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Ask the Local

For those of you not paying attention, there is excitement in the air. Specifically, one of the few remaining seedy neighborhoods in Boston is getting gentrified at a furious pace. Yes, that’s right – I’m talking about the Ladder District…

The Ladder District sits between Boston Common and Downtown Crossing, and is so named because the narrow streets look like rungs running between the larger and longer Tremont and Washington Streets. To get there, you can take the Red Line T to Park St, or the Green Line to Boylston. You can even walk there easily from such HBS haunts as Pravda and (shiver) the Alley.

Although there are other older tenants in the area – notables including Fajitas and ‘Ritas (25 West St, Boston), known for decent fajitas, pitchers of margaritas, and crayons to draw on the walls, and The West Street Grille (15 West St, Boston), featuring several well-appointed bars – I am going to focus instead on two relative newcomers:
Mantra (52 Temple Pl, Boston) – This is the latest coolest place in Boston. Mantra is a fusion of French and Indian cooking. Be warned, the prices are steep and the portions are small, but for a short time you will feel like you’ve made it. Also, Mantra is the home to the most unique urinal in Boston (I’m not kidding – check it out), which is reason enough for me to go.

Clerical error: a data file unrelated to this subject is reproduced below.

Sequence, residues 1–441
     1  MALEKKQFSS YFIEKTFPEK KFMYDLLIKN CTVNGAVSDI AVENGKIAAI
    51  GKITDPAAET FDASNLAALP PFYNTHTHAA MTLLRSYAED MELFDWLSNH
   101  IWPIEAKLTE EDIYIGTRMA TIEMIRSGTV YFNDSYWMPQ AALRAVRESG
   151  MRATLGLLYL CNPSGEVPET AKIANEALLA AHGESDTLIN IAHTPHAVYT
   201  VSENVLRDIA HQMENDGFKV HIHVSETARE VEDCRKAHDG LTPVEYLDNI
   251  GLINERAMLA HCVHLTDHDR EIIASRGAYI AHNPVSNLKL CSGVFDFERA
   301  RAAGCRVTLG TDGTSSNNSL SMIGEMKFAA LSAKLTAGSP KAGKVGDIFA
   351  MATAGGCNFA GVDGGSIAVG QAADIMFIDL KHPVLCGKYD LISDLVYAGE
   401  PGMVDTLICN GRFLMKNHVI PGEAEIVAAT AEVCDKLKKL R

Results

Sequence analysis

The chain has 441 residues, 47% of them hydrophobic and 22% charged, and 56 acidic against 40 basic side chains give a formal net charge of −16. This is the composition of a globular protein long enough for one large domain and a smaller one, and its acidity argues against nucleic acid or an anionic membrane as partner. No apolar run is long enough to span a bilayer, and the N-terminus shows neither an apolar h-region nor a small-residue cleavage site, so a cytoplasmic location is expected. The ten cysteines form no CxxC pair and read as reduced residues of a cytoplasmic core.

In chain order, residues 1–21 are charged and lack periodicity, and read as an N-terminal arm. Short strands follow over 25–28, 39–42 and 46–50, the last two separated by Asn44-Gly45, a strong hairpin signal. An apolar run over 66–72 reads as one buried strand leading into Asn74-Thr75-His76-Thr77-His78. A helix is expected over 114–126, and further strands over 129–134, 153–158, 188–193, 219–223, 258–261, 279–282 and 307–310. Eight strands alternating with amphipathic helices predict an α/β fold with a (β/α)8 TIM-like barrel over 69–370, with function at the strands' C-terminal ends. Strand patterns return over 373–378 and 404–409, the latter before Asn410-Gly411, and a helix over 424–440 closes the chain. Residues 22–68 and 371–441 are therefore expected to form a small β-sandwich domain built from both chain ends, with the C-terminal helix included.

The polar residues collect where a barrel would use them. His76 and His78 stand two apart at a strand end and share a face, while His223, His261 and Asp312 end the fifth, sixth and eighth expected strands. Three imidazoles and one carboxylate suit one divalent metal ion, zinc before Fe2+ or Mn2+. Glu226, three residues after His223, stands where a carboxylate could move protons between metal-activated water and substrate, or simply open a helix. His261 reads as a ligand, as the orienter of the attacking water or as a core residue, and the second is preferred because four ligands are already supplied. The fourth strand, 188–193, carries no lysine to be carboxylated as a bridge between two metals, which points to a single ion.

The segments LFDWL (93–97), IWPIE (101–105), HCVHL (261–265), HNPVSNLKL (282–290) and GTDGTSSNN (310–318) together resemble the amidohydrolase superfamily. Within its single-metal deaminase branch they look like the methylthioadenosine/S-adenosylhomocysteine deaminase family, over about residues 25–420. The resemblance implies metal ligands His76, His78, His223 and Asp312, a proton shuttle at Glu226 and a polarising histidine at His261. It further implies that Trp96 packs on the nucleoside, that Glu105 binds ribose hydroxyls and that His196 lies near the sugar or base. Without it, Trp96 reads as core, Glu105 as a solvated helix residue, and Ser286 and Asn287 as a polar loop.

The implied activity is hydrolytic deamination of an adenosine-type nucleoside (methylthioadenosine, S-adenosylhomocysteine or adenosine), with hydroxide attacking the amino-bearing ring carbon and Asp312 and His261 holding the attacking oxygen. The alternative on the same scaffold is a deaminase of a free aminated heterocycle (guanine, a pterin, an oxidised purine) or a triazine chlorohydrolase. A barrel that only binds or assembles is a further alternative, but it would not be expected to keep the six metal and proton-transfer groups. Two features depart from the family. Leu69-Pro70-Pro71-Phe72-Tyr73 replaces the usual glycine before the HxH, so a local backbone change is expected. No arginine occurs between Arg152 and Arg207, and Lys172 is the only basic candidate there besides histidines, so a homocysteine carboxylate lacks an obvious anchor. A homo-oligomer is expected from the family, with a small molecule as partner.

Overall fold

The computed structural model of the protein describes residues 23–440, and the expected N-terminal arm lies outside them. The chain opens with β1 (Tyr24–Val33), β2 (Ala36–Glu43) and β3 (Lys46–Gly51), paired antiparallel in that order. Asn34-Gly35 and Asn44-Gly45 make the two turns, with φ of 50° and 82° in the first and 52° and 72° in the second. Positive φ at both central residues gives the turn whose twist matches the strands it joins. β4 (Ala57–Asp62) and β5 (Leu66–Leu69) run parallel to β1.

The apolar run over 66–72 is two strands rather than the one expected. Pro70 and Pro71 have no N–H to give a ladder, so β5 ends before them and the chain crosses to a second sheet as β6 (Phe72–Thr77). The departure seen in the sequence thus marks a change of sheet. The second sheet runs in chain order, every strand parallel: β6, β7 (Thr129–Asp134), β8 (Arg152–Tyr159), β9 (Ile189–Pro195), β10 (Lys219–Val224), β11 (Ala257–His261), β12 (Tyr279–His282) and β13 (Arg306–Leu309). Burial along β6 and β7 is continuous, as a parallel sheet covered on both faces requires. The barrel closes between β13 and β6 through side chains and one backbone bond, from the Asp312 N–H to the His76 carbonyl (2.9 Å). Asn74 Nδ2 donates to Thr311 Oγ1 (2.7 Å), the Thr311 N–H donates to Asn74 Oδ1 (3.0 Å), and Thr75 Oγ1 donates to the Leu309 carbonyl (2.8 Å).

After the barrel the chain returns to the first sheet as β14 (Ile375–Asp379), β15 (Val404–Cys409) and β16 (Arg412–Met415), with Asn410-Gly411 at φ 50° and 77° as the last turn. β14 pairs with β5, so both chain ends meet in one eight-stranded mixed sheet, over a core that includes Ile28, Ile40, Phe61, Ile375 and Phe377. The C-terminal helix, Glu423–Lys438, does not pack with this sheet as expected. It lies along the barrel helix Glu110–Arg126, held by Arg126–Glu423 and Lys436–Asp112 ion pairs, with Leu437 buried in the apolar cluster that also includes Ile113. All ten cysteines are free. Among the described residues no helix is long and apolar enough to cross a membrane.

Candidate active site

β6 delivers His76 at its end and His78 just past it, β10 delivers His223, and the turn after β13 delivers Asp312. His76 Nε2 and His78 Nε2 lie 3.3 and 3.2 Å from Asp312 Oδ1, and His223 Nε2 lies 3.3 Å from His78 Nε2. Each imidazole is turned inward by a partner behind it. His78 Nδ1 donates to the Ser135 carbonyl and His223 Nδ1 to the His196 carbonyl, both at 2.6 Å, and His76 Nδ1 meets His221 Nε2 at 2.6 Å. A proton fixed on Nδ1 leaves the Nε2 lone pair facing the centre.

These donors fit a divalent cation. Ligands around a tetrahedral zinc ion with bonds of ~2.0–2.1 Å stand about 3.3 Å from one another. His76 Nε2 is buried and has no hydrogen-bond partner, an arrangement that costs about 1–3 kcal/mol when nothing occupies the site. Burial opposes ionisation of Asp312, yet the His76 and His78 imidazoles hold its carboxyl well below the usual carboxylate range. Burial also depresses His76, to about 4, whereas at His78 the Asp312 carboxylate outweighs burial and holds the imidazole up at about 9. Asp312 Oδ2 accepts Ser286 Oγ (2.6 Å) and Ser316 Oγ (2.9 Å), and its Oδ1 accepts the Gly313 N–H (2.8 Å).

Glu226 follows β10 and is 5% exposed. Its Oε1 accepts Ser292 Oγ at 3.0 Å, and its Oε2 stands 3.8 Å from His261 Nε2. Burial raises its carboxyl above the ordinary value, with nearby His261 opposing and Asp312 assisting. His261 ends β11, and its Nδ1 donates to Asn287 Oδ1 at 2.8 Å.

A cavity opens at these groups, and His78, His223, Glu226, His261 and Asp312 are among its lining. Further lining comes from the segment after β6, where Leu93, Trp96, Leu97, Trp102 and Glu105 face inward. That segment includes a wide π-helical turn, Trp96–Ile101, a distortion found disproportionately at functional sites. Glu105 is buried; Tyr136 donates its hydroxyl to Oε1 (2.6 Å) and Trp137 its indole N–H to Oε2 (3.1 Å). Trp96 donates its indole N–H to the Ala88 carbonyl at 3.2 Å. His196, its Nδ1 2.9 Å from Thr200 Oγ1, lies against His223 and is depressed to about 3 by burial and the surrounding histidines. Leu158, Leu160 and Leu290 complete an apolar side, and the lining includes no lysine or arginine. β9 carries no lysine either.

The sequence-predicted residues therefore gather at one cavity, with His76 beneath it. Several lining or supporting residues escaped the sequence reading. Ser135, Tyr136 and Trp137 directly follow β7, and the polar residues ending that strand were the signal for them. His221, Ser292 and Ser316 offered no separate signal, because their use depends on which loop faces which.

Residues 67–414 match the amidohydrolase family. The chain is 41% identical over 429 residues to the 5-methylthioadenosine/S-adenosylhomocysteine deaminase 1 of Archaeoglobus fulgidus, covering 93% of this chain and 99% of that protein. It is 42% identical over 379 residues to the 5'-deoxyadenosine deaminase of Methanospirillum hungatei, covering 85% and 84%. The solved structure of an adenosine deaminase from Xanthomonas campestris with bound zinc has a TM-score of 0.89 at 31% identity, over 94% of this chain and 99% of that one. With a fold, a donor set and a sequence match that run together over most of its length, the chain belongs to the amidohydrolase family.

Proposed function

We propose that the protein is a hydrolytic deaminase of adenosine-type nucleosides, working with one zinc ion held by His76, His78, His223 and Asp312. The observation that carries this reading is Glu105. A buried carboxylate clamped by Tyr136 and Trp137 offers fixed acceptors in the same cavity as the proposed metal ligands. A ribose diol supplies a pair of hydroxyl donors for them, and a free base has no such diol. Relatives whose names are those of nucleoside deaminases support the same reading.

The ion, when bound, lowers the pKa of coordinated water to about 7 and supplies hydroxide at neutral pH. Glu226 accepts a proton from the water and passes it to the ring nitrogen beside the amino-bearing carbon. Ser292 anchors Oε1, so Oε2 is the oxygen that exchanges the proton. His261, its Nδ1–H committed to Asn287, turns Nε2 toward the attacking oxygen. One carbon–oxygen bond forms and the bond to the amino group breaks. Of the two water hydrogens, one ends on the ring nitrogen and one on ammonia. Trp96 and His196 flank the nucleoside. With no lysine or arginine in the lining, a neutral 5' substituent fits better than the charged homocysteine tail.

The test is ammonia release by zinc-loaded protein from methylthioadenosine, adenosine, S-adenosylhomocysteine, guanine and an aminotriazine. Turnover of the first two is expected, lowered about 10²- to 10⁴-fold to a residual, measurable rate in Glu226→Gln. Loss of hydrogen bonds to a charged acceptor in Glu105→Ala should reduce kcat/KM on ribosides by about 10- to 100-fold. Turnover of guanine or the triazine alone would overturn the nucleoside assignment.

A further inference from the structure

Loews Boston Common (175 Tremont St, Boston) – Although the movies here cost $10, it might just be worth it. This new theatre has all the amenities you would expect – multiple snack bars, assorted video games to pass the time, stadium seating and surround sound, and even snuggle seats (the arm-rest goes up between most seats). It also has another great innovation – a bar upstairs where you can wait. Now, I’m not saying I would go there to hang out, but it definitely beats lurking in the lobby by the ticket booth.

Silvertone (69 Bromfield St, Boston) – Okay, this place is not new, but it is expanding to meet the new Ladder District demand. It’s a cool little downstairs bar that serves a great BLT and other items that are low-maintenance but less greasy than most bar food. The main clientele are the hipsters of downtown – think advertising rather than banking.
The area is also awaiting the reopening of Boston’s Locke-Ober, under the new ownership of Lydia Shire of Biba fame.

Hey, I’m just trying to keep you guys at the forefront of cool…
The Local

Send questions about Cambridge, Boston, and the surrounding area to The_Local@mba2002.hbs.edu

November 19, 2001
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